Actually, the quilts got a lot of interest, which I was surprised at. Although I do suspect people thought they would cost more than I was selling them for, again because I wasn’t charging living wage for my time, I just needed some pocket money for fabric. I’m sure the low pricing strategy helped with number of sales, although is it better to sell 3 things for £4 each or 2 things for £6 each? I think that’s a decision each stall holder has to make!

So for anyone contemplating a craft fair… in Scotland… outside… in April… what are you crazy?? Anyway here’s what I learned about surviving the day:

1. Be organised! this blog post really helped me work out what I needed:

http://handmadejane.blogspot.co.uk/2011/02/craft-fair-tips.html

2. Dress for the weather!

3. Bring tea/ coffee in flasks and a packed lunch and snacks. I had a constant stream of customers and never made it away from the stall. I had to grab bites of sandwich in between customers! We took tea over to the face painter who kept going all day. Although I think the organisers intended to bring refreshments over, it never happened, everyone was just too busy.

4. I made a simple list of all my items, just using a “Word” table, and Ana and I ticked them off as we sold them. This kept us straight even though 2 of us were serving customers at the same time. I did have a receipt book as suggested by craftyjane, but didn’t need it.

4. A Float. I struggled a bit with this. I chose a £50 float with £30 in coins, 2x £5 and £10. We were just about OK with that. but next time I would take more £10 notes. It clearly depends on what you are selling and for how much, but almost everything we had was under £10, and lots of folk had come with a £20. I kept prices to either a whole number of pounds or ending in 50p so that it would be easier to do the maths. That was definitely a good idea, especially when there was a rush on!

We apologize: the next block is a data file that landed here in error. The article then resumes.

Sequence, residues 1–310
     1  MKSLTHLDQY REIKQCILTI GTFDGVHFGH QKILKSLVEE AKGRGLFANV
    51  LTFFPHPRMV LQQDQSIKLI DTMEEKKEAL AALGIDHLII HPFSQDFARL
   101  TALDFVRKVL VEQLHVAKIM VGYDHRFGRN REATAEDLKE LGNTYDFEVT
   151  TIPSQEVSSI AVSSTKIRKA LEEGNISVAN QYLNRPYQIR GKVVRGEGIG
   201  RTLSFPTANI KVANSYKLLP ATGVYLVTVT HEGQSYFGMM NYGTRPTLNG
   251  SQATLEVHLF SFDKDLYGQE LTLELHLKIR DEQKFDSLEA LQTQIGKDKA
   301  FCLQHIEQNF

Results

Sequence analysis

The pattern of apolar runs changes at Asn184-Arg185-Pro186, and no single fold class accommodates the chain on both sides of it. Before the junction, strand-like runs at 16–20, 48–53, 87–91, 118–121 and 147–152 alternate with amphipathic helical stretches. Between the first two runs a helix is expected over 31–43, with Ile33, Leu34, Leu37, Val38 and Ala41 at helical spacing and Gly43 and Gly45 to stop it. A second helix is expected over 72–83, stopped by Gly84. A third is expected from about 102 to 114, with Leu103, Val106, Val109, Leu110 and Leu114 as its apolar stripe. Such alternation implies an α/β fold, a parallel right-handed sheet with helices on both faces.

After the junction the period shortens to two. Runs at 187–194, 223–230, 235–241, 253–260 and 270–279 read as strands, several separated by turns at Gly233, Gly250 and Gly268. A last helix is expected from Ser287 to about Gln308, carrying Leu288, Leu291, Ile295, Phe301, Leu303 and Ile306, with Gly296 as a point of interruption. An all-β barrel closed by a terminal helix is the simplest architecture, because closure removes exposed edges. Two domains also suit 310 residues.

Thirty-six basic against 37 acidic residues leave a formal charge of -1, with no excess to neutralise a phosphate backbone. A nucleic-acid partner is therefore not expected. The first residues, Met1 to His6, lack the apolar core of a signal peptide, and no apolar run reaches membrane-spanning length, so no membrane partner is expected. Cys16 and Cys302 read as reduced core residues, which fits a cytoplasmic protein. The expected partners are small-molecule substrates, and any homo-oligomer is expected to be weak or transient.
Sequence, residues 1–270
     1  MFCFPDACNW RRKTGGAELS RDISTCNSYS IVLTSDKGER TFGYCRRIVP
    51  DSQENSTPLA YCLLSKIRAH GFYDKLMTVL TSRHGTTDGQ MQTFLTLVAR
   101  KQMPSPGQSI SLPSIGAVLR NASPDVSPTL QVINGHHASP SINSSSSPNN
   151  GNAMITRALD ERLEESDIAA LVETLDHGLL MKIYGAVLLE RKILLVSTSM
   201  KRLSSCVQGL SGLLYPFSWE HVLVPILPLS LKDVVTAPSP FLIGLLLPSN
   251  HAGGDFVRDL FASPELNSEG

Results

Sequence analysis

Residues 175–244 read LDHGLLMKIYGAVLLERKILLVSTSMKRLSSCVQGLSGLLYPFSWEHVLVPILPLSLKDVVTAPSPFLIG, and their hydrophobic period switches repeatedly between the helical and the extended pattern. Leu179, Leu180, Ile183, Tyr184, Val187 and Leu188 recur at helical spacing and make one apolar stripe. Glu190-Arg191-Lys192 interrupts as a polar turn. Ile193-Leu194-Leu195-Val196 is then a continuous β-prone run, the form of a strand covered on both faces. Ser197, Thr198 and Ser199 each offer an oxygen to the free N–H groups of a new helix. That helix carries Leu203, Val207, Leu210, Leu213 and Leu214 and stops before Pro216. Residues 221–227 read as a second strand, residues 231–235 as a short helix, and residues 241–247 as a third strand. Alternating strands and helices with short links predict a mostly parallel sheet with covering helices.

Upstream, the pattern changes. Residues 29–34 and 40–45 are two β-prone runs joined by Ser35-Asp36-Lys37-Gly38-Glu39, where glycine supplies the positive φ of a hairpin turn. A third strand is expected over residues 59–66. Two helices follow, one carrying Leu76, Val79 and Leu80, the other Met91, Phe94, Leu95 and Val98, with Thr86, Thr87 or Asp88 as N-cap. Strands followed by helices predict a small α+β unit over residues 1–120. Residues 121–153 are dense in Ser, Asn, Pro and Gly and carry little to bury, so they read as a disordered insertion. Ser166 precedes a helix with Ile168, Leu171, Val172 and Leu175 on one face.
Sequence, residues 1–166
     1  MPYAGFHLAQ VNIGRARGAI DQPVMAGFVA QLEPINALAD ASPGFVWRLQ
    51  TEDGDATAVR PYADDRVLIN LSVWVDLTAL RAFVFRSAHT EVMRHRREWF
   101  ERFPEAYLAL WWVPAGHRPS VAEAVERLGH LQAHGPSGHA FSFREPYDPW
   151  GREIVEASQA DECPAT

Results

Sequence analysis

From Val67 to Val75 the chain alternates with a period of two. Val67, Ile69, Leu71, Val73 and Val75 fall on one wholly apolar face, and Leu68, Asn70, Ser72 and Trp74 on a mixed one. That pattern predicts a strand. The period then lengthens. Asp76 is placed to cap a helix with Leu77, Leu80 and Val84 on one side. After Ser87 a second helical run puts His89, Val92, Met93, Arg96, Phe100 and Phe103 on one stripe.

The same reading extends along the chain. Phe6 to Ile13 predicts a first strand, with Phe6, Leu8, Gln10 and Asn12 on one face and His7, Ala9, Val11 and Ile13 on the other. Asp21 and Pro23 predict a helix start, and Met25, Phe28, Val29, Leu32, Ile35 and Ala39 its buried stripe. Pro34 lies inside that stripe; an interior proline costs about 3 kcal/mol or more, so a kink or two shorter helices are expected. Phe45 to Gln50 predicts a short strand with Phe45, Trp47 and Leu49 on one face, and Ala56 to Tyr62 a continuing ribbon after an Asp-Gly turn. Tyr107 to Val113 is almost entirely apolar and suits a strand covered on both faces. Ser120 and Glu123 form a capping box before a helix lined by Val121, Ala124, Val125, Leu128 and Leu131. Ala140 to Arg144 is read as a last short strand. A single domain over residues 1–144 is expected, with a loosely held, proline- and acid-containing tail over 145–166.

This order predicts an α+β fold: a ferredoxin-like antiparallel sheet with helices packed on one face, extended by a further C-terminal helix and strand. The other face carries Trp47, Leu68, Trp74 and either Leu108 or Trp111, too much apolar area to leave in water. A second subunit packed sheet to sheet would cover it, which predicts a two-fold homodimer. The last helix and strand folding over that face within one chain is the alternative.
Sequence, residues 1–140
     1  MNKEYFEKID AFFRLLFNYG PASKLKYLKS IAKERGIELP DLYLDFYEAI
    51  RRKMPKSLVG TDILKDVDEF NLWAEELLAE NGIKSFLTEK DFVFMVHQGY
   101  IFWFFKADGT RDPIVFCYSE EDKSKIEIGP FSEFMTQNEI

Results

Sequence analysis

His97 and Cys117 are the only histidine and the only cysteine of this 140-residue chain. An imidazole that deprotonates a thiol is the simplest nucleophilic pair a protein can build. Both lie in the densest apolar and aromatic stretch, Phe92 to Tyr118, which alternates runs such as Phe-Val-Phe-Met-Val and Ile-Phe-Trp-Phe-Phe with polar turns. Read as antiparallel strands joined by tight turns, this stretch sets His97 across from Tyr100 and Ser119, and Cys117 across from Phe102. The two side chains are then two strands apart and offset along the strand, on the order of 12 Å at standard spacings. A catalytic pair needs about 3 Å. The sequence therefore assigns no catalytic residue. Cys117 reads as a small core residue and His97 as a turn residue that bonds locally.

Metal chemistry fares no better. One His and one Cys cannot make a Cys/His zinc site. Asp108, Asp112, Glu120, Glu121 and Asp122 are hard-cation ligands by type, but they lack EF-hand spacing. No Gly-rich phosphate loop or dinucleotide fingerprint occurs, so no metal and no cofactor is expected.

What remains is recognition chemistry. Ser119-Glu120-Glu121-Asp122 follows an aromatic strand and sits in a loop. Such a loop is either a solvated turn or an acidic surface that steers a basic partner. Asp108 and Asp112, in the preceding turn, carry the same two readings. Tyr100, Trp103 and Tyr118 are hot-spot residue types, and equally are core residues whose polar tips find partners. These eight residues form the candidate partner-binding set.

5. Smile and say hi – when we did, people who were hovering suddenly came closer, smiled and started looking. But I think people were less likely to approach if we were talking amongst ourselves, I guess noone likes to feel they are intruding even if it’s a shop! I hate hard sells, so didn’t start talking whilst folk were browsing, I tried to emanate a comfortable companiable silence 😉 and waited until they were interested or started talking to me themselves. We had lots of lovely chatty people which was great!

6. Have a demonstration of things which people don’t know about. The travel chalkboards all sold, mainly because I had one out, and asked children to leave us a little picture, even if the parents didn’t buy anything. Once people saw them in action, and kids wanted to add their own art, it generated a lot of interest!

7. Try and have an interesting colourful display. The colours drew folk to our stall (or so they said!) Once there, most people bought something small. I had baskets and tried to vary the height a bit. My neighbour lent me a white wire tree from which I hung all the pendants – it did look pretty!